CLEVELAND – Whether they’re harvesting corn in a field or grilling corn at a barbecue at a city park, Catholics from the farms, suburbs and cities are connected by their faith and their kitchen tables.
A March 11-12 retreat presented by the Ohio Catholic Rural Life Conference explored the issues of food availability, sustainable farming and how Catholics from different communities can come together to make sure God’s creation is being used in just and socially responsible ways for the good of all.
“We Share Around the Table” was the retreat theme.
From a faith perspective, supporting farm families matters because when farms struggle to survive it affects the entire community through food prices and eventually support for schools and local parishes, said Jim Ennis, director of the National Catholic Rural Life Conference.
He made the comments to the Catholic Universe Bulletin, Cleveland’s diocesan newspaper, after the retreat.
“The church has a lot to say around food and taking care of the land and taking care of your neighbor,” Ennis said. “Food is a place where we all have a connection.”
Jim Tobin, associate director of the Department on Social Concerns for the Catholic Conference of Ohio, said the retreat was a time for members of the Ohio Catholic Rural Life Board to reflect upon the mission of promoting God’s call to be faith-filled stewards of the land.
It was a time of spiritual renewal and strategic planning, he said.
“Understanding the importance of fair food policies and practices, and taking appropriate actions, is a challenge for every person, whether rural or urban,” Tobin said.
The retreat included time for Mass, sharing of stories from different rural areas of Ohio and workshops on cultivating stronger urban and rural networks, particularly between parishes such as what is happening with the Cleveland Diocese’s “Church in the City” and “Vibrant Parish Life” initiatives.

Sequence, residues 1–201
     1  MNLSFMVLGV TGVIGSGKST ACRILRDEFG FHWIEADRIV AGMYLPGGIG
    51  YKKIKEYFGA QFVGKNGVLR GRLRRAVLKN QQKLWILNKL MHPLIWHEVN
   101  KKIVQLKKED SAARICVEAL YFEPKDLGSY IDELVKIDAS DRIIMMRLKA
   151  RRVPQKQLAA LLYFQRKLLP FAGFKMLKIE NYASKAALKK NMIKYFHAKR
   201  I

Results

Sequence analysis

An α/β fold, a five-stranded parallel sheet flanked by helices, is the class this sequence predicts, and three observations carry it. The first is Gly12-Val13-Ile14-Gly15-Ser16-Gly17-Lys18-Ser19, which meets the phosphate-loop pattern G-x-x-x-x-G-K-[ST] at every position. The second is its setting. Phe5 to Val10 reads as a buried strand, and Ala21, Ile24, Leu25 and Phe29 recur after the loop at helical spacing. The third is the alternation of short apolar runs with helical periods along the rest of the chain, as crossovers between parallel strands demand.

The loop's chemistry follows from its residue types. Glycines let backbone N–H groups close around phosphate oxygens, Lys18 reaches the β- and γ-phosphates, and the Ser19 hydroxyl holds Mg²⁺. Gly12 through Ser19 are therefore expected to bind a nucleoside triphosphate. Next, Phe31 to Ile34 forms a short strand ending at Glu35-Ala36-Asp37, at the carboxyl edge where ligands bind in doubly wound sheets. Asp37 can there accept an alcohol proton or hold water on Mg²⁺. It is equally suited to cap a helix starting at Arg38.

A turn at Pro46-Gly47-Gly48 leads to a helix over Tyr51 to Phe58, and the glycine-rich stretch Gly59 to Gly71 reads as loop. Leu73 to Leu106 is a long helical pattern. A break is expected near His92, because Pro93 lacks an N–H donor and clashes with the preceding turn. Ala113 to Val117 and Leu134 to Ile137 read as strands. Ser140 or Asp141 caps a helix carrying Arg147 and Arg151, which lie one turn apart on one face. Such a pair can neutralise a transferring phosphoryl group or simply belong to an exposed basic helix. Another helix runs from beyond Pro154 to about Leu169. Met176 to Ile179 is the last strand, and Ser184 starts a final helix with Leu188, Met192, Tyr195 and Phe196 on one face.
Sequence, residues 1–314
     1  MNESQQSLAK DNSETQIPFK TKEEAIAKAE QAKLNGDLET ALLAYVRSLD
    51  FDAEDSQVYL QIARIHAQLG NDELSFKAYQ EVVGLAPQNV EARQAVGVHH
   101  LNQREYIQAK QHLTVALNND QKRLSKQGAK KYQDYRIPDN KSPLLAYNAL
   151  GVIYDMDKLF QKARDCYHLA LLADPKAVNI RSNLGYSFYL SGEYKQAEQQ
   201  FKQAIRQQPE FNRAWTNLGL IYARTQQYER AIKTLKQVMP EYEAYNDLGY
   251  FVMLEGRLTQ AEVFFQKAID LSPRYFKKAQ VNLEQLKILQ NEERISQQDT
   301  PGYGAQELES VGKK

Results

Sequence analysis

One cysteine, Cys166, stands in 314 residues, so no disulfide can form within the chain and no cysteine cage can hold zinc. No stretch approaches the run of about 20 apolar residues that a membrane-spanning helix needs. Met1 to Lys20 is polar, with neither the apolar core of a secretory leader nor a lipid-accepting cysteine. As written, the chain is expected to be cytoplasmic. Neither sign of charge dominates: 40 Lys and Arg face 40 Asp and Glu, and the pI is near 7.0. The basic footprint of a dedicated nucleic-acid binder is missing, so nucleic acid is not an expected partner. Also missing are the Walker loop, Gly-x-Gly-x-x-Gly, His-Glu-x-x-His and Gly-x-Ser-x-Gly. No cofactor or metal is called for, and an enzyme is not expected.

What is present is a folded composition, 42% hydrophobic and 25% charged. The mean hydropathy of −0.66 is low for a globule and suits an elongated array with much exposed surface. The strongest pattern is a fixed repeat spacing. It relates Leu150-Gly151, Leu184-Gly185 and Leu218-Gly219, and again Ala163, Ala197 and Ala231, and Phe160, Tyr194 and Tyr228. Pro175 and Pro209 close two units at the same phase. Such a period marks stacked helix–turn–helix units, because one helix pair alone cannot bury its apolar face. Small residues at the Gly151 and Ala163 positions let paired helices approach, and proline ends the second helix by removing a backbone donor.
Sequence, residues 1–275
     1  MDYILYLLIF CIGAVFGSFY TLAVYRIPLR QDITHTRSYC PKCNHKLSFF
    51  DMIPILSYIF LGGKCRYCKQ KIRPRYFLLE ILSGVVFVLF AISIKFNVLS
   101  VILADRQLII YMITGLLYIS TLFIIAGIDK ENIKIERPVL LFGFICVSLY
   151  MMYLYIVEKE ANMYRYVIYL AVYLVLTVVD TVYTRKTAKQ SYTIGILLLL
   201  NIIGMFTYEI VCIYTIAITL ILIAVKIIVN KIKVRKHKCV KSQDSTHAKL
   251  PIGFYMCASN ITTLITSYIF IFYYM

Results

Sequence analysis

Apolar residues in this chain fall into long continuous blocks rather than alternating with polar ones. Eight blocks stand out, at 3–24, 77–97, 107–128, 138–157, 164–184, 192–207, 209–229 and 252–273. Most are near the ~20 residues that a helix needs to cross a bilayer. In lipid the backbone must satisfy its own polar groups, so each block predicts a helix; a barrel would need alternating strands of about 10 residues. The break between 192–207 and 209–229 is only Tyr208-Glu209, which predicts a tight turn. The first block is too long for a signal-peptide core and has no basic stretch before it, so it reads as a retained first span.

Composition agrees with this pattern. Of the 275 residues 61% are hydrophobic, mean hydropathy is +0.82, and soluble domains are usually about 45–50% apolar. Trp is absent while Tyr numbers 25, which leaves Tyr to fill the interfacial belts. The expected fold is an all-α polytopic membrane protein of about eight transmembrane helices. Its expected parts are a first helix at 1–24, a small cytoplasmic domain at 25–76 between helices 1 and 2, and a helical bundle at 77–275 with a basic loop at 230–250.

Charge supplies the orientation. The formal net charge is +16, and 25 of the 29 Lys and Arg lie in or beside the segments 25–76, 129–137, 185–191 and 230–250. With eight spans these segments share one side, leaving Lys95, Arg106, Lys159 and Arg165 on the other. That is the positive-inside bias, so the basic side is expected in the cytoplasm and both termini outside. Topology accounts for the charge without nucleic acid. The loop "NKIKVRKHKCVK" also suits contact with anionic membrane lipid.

Pat O’Bryan, director of the Cleveland diocesan Rural Life Office, said he was most excited by ideas to “bridge the gap between urban and rural issues,” such as hunger, food availability and sustainable farming.
Issues that farm families face – such as foreclosures, unemployment, and education – are similar to those faced by urban families. He said these are areas where parishes in the city and country can reach out to each other.
“What we’re looking for with urban communities are to build partnerships and collaboration,” he said. “It would add a depth that would catch the attention of people.”
O’Bryan said some ideas for these collaborations include organizing farm tours and urban plunges between rural and urban parishes, holding more farm market celebrations and encouraging people to shop at farm markets, and using technology to reach out to young Catholics about how they can support local farms.
“What we boiled it down to was building relationships and telling our stories,” he said. “We have to move into more of those connections.”
Those stories and connections include looking at one’s own family history. O’Bryan points out that many folks who live in the city today come from past generations of farm families. Helping people in suburban and urban areas see their connection to rural communities is the way to build those relationships, he said.
“Most of us who are urbanites, when you scratch one or two generations back, you are from farm families,” he said. “There are a number of people if you go back, those are rural stories. There’s a continuity between us. We are all connected.”